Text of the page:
US seeks 50 years in prison for Vietnamese man in bomb plot | iNFOnews | Thompson-Okanagan's News Source

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US seeks 50 years in prison for Vietnamese man in bomb plot

May 10, 2016 - 1:43 PM

NEW YORK - A Vietnamese man accused of plotting with an al-Qaida offshoot to bomb London's Heathrow Airport in a suicide attack should get 50 years in prison, prosecutors said in papers submitted Tuesday to a sentencing judge.

Minh Quang Pham, 33, faces sentencing May 16 after pleading guilty to terrorism charges in January. Pham, extradited from England, admitted supporting al-Qaida in the Arabian Peninsula, a Yemen-based branch of the organization once headed by Osama bin Laden.

The Heathrow plot was never carried out. Pham was arrested at the airport when he returned in July 2011 from a six-month trip to Yemen, where he used his college degrees in graphic design and animation to edit videos and photos for propaganda in Inspire magazine, prosecutors said.

In urging a long sentence, the government said Pham's intellect, cleverness and ability to recruit like-minded individuals will still be valued by terrorists.

"Indeed, the fact of his conviction and imprisonment likely will serve in many respects to bolster Pham's bona fides as a recruiter of others to wage violent jihad," prosecutors said.

In her presentence submission, Pham attorney Bobbi Sternheim said her client has denounced terrorism, never intended to commit violence and shouldn't serve over 30 years in prison, especially since solitary confinement will result in hopelessness and despair.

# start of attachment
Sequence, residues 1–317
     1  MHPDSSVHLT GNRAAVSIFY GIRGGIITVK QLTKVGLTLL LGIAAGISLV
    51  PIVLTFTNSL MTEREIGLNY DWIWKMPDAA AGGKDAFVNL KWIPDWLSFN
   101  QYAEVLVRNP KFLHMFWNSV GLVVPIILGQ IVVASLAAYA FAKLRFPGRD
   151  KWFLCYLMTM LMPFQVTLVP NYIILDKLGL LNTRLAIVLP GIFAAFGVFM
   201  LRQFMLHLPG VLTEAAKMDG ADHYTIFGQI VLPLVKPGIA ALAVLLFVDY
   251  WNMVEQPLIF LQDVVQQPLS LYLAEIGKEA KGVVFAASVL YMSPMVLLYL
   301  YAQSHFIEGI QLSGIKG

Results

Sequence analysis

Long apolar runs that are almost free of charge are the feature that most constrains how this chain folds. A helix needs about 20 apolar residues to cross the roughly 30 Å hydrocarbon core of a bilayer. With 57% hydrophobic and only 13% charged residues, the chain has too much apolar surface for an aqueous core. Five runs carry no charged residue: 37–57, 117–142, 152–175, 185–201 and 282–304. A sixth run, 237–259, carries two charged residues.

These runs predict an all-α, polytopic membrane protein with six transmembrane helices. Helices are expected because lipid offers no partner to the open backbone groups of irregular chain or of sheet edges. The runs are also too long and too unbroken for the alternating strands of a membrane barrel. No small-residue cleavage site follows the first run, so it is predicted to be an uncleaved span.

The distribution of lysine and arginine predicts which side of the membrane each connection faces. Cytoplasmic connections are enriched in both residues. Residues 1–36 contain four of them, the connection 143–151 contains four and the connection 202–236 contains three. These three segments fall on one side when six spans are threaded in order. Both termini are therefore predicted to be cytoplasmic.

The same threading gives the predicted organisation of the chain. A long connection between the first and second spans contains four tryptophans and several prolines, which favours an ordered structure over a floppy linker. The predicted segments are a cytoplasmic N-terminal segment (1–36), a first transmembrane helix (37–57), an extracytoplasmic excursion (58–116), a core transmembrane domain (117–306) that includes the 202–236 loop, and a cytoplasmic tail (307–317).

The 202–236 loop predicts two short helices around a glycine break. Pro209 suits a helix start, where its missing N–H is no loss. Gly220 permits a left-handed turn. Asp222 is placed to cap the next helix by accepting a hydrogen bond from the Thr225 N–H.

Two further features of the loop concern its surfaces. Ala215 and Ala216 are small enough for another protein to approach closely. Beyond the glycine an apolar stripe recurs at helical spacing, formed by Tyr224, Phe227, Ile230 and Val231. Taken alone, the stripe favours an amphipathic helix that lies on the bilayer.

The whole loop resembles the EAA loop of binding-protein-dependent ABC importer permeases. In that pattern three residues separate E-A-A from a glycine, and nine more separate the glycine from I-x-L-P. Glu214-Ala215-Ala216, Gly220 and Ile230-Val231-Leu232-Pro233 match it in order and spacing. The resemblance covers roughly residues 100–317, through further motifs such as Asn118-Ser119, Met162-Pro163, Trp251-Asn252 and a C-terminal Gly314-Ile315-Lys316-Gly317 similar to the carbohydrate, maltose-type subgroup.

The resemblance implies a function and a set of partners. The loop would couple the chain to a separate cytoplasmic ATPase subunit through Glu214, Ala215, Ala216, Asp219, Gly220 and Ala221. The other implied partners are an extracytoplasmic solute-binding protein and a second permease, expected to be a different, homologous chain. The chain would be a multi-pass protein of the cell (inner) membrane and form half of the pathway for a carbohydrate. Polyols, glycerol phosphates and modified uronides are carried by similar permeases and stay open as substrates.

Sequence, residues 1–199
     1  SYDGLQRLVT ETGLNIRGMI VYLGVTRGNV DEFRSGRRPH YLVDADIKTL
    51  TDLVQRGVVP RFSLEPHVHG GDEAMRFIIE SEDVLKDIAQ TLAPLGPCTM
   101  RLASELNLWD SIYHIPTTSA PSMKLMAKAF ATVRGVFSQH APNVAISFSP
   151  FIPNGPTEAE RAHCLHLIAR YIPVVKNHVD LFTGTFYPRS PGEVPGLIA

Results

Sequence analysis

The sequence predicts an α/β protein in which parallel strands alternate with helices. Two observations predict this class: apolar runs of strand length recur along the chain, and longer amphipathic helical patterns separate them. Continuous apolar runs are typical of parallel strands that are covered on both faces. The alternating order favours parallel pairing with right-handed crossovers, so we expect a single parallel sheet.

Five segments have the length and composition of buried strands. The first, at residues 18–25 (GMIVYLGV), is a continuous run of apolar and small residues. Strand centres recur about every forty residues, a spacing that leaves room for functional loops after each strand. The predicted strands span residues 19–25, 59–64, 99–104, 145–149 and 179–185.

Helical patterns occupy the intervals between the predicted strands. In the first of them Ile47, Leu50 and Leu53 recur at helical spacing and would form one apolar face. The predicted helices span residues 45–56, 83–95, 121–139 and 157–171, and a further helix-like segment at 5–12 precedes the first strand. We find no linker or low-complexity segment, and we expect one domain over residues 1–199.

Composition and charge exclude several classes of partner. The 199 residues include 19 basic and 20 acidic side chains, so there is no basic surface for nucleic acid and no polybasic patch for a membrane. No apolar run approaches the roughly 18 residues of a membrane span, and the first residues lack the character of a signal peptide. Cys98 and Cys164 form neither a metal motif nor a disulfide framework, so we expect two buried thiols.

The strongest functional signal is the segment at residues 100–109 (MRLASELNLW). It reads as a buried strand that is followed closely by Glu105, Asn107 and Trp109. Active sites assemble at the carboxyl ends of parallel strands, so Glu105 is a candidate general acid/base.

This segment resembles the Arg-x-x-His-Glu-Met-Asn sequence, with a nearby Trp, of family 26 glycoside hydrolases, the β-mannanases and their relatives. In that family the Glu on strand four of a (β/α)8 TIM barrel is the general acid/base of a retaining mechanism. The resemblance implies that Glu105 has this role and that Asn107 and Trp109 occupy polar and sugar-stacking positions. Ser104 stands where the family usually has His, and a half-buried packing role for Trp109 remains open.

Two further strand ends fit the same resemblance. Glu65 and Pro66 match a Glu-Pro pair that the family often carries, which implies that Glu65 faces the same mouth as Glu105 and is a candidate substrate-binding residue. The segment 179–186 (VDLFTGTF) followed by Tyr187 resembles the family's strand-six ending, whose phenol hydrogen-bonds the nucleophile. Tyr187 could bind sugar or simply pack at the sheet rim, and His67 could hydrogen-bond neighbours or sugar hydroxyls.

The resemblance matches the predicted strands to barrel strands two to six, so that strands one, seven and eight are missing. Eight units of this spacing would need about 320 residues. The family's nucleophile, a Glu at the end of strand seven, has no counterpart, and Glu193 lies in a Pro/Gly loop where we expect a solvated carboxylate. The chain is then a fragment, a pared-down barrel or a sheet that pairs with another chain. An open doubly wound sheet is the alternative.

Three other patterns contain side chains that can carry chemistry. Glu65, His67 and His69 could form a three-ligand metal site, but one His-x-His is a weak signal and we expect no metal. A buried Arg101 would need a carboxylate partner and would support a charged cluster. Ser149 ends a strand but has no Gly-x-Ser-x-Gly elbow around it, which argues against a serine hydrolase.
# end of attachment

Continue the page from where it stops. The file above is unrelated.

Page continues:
"Pham was directed byothers,had no specific missionand took no substantive terrorist actions, violent or otherwise," she wrote.

Prosecutors urged Judge Allison J. Nathan to "reject Pham's self-serving, unsworn, and unsubstantiated statements submitted in an 11th-hour effort to mitigate the seriousness of his actions."

The government noted that Dzhokhar Tsarnaev, convicted in the April 2013 attack near the finish line of the Boston Marathon, told the FBI that he and his brother learned how to create their pressure-cooker bombs from Inspire magazine.

Prosecutors said al-Qaida in the Arabian Peninsula has called on followers to attack civilians and has taken credit for co-ordinating attacks overseas, including the January 2015 Paris massacre at the French publication Charlie Hebdo. A dozen people died.

Prosecutors said Pham also received instruction and direction in Yemen from U.S.-born, extremist Islamic preacher and al-Qaida leader Anwar Al-Awlaki, who was killed in a drone attack in Yemen in September 2011.

They said Al-Awlaki had directed Pham to detonate explosives made with household chemicals in the arrivals area of Heathrow International Airport where U.S. citizens and Israelis arrive. They said Al-Awlaki specifically instructed Pham to tape bolts around the bomb to act as shrapnel.

News from © The Associated Press, 2016
The Associated Press

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